Understanding Autotransfusion

Every day, 250 highly skilled ATS clinical specialists work in operating rooms across the country to provide high-quality care and improve patient outcomes. At SpecialtyCare, Autrotransfusion is one of our longest-standing service lines. Each one of those procedures involves a patient, their family, and the community. Together, we can make an impactful difference by ensuring safer and better patient outcomes with autotransfusion. 

What Is Autotransfusion?

Autotransfusion is the process of cleaning and filtering a patient’s blood using a cell saver machine, so it can be given back to them if they need a transfusion. Autotransfusion is a safer, more cost-effective option than a standard donor blood transfusion, saving hospitals a significant amount of money every year and reducing the risk of infection and disease.

ATS clinical specialists’ primary responsibility is setting up and monitoring cell-saver equipment before, during, and after surgery. They work collaboratively with surgeons, anesthesiologists, and perfusionists to collect and process a patient’s blood. This ensures it’s clean and suitable to infuse back into the patient. 

Autotransfusion often involves various cell-saver techniques and equipment. Before any procedure, autotransfusionists ensure that they’re sterile and meet regulatory compliance standards. This includes cleaning and sterilizing equipment after use and properly disposing of contaminated or used times. Additionally, they regularly work with many healthcare professionals, so they need excellent communication skills. They also should be committed, dependable, adaptable, and flexible with keen attention to detail. The OR setting is demanding, so ATS clinical specialists must possess these critical skills to manage stressful situations and ensure they are valuable in every surgical case.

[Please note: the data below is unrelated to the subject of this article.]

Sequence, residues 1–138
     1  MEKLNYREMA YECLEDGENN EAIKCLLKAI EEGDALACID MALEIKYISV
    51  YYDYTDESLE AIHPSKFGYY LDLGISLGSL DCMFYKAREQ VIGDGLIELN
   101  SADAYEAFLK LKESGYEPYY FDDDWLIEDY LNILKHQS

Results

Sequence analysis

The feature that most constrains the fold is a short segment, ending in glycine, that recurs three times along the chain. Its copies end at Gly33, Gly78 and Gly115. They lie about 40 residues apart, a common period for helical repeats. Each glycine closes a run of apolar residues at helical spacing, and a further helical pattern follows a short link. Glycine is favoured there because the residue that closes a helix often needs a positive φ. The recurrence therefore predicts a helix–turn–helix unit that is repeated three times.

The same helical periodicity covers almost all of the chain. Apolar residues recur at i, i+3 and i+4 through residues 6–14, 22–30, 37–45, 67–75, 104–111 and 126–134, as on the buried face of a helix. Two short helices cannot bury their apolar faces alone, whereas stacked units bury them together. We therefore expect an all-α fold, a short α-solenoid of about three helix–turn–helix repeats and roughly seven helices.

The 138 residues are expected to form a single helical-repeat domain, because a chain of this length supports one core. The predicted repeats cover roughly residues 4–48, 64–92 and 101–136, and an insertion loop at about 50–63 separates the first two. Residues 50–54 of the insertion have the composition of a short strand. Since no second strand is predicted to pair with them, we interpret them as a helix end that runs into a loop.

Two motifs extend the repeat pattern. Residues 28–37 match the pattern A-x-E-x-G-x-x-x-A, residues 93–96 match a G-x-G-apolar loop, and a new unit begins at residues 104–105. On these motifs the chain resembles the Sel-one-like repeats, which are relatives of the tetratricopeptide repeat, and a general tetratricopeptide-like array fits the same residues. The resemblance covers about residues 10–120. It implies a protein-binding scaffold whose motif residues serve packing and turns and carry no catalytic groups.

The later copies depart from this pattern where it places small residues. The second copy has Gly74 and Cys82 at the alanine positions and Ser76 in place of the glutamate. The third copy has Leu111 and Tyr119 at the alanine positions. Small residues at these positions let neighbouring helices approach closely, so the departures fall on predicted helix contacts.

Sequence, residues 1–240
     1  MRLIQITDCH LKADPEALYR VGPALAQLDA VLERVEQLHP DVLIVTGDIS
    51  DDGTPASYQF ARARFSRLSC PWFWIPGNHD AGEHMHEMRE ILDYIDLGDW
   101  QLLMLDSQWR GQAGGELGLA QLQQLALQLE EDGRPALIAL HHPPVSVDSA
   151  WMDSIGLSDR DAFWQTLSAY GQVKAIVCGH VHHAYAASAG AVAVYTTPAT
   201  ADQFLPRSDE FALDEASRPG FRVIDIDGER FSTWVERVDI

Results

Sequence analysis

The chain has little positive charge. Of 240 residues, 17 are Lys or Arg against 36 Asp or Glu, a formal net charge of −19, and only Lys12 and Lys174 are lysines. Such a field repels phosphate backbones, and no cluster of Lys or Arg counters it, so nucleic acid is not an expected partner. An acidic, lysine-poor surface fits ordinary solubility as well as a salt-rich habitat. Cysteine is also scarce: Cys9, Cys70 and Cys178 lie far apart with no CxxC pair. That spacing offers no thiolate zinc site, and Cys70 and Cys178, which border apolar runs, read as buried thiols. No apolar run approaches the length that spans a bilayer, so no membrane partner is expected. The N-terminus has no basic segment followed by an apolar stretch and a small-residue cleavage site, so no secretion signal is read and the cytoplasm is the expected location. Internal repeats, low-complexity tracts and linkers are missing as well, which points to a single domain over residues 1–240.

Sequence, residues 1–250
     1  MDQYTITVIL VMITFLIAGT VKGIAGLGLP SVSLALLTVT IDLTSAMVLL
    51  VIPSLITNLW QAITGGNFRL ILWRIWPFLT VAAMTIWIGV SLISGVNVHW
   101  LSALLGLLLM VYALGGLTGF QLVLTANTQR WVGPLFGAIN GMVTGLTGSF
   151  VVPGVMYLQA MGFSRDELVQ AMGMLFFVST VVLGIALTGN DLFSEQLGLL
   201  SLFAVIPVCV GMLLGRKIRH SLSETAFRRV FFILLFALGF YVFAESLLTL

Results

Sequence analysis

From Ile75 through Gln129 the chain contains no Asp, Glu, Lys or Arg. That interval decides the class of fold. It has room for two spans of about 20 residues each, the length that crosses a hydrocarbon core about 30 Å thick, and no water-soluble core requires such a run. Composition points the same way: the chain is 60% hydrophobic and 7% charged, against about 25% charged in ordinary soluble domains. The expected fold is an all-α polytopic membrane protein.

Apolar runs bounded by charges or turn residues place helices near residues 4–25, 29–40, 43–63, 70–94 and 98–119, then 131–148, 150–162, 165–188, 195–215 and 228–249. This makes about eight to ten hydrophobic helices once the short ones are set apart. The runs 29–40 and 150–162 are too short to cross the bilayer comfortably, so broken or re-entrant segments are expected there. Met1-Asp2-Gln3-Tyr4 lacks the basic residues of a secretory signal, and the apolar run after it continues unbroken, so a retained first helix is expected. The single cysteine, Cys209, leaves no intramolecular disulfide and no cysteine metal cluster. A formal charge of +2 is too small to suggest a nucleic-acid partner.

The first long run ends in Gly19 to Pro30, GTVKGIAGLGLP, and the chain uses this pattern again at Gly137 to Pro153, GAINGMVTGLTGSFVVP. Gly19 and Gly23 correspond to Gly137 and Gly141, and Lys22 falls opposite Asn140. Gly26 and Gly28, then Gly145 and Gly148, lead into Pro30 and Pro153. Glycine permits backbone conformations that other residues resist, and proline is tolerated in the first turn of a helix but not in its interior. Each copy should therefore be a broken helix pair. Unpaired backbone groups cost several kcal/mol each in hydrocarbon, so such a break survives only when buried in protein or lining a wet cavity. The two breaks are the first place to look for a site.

The History of Autotransfusion

1818 marked the first use of self-donated blood and it continued to gain interest until World War II. The blood supply wasn’t a huge issue during this time due to an increased number of blood donors.

Later on, autotransfusion became a topic of conversation over concerns about donor blood transfusions. Autotransfusion was used in various orthopedic, trauma, and cardiac cases and showed a reduced risk for infection and optimally functioning red blood cells, which aren’t subject to long-term storage in blood donor transfusions. 

Autotransfusions were performed throughout the Civil War, primarily for amputated limbs. ATS clinical specialists removed blood from the amputated limb and returned it to the patient by femoral injection. After proven success, the first successful use of intraoperative autotransfusion occurred in 1914, while the first recorded case in American literature was in 1917. 

Autotransfusion Support at SpecialtyCare

Blood is a valuable, expensive resource, and shortages can result in elective surgery cancellations. At SpecialtyCare, our goal is to help build an operating room of excellence and provide the best outcomes. A combination of sound, standardized processes and dedicated personal service is needed to ensure the very best in patient care and cost management.

Our evidence-based approach focuses on clinical quality, a commitment to excellence, following industry standards, and continuous improvement through the best-in-class education, training, and research. Hospitals can ensure timely care, cut costs significantly, and improve patient outcomes with our Autotransfusion services. Our highly trained autotransfusionists are on-site when needed and integrate seamlessly with hospital staff and procedures.

About SpecialtyCare

SpecialtyCare is dedicated to providing an exceptional patient experience, becoming the OR employer of choice, and leading the way in OR innovation.